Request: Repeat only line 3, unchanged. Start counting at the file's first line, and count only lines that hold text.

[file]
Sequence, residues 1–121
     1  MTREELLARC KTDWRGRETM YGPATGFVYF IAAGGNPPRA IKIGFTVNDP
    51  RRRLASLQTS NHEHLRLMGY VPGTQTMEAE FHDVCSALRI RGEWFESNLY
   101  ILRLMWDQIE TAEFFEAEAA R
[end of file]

    51  RRRLASLQTS NHEHLRLMGY VPGTQTMEAE FHDVCSALRI RGEWFESNLY